Raise Your Windows IQ: When to Single-Click, When to Double-Click
As part of this week's series on improving your general understanding of how Windows works, you've learned the difference between files and folders and the functions of four common but confusing dialog-box icons.
Today, let's tackle an area that typically confuses the heck out of Windows novices: single-clicking versus double-clicking.
The reason this is so confusing is that there's very little rhyme or reason to it. Some functions require a single click (of the left mouse button, that is), others a double. Nowhere in Windows is it made obvious which is which.
However, it's important to learn the "rules," as double-clicking when you should be single-clicking can lead to unexpected and/or unwanted results. (Conversely, single-clicking when you need to double-click can lead to no results at all. See below.)
Rule #1: Don't double-click in a Web browser. Ever. Links, buttons, tabs, toolbar icons, and everything else you're likely to encounter in your browser require one click and one click only. If you double-click, say, an e-mail address, you'll end up with two mail windows.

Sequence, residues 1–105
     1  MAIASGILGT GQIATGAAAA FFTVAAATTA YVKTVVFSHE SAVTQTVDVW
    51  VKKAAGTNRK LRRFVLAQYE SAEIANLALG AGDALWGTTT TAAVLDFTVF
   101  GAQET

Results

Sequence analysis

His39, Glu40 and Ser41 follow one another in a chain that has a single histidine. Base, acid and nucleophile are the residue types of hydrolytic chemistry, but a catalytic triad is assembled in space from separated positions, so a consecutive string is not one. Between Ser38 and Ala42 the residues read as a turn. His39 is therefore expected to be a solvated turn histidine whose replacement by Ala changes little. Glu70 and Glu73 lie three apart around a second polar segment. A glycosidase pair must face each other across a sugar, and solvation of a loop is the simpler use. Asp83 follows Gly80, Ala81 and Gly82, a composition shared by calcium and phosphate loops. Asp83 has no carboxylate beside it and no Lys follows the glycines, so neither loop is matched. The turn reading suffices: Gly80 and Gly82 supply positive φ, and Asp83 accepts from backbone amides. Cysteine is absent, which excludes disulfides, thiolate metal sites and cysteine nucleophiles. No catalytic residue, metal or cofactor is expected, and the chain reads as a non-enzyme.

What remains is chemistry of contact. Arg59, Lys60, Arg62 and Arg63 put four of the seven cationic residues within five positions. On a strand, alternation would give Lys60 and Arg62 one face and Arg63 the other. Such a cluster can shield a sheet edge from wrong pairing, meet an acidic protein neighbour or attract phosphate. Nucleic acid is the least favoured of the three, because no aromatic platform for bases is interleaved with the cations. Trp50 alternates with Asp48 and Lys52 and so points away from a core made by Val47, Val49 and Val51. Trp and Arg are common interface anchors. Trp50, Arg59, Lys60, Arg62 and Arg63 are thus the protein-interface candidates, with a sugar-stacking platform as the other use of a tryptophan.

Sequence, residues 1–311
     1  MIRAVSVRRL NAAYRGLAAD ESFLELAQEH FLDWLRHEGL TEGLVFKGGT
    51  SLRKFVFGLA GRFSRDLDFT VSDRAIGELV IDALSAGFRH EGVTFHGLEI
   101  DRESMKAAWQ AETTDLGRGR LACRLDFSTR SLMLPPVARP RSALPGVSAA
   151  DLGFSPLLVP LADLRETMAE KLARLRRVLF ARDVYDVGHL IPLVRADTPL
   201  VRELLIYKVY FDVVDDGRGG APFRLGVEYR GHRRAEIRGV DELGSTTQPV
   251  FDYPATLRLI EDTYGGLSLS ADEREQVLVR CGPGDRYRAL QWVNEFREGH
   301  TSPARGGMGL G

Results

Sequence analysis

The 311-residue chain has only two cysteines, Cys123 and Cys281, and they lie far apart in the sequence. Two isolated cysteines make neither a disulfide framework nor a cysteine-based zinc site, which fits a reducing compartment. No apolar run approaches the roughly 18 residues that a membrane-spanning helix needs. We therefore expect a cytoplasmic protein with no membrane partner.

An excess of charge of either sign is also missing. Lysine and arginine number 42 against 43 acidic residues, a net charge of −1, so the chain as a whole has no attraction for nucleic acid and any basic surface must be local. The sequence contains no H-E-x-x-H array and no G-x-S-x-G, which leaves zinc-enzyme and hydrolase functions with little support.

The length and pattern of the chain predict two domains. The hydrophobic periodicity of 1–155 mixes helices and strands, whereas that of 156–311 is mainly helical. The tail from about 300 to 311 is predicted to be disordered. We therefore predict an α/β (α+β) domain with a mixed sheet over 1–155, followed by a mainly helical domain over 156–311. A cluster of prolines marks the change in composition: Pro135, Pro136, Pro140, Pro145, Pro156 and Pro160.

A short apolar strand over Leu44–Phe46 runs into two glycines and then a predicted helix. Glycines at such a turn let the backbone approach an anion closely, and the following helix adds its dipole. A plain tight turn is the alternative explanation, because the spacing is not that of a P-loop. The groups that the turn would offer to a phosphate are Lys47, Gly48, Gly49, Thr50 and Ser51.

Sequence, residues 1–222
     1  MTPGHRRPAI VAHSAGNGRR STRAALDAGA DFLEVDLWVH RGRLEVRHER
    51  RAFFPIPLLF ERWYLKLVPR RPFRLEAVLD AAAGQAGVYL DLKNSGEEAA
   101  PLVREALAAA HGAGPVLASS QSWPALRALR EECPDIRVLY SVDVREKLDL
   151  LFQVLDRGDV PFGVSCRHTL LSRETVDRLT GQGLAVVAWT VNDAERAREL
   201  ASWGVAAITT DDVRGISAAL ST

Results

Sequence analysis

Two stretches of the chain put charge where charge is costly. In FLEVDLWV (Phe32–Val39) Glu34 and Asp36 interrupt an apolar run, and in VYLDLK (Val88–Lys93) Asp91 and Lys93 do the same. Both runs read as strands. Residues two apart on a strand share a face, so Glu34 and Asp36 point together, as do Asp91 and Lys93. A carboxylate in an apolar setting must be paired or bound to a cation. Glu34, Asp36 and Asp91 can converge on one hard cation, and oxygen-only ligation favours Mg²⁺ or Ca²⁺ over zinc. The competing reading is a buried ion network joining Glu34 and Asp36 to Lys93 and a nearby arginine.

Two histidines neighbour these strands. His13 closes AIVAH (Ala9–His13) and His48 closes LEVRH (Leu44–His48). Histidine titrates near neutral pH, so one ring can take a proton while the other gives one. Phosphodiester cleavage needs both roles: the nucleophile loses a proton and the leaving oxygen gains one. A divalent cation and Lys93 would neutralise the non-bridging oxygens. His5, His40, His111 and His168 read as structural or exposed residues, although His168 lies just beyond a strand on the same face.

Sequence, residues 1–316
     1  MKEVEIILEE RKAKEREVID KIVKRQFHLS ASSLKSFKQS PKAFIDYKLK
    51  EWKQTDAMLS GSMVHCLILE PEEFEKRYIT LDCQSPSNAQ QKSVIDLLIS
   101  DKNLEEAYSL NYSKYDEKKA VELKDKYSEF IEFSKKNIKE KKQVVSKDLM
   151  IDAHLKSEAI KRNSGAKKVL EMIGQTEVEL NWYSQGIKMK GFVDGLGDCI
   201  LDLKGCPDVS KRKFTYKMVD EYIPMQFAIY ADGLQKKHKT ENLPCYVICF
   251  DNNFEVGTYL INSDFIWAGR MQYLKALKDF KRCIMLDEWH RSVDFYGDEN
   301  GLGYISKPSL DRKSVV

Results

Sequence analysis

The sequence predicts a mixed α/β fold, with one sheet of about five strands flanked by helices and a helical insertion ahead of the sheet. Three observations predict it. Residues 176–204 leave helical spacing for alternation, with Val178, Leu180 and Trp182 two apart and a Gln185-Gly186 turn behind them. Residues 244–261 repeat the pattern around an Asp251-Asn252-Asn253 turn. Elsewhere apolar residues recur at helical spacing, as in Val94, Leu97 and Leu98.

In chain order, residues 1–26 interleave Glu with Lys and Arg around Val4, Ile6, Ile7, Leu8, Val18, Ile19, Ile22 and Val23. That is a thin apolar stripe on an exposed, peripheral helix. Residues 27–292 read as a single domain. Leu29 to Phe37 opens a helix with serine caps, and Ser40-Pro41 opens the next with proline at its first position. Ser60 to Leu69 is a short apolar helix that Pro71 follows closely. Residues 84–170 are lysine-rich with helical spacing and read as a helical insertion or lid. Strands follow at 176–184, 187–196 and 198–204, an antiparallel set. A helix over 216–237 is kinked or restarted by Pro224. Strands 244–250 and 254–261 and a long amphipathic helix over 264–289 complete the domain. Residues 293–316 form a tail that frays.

Rule #2: Don't double-click the quick-launch program icons in your Windows taskbar (you know, the ones to the right of the Start button). Part of what makes these "quick" is that they require only one click. In fact, don't double-click anything in the taskbar.
Rule #3: Do double-click program icons on your desktop (when you want to run those programs, natch) and files/folders you want to open. And that's it. You'll rarely ever need to double-click anything else in Windows.
Still confused? Perhaps you'd be better off eliminating double-clicking from Windows forever, which effectively makes the entire operating system work like your browser: everything's a single click. That's how I roll, though this method does make things like file selection a little trickier.
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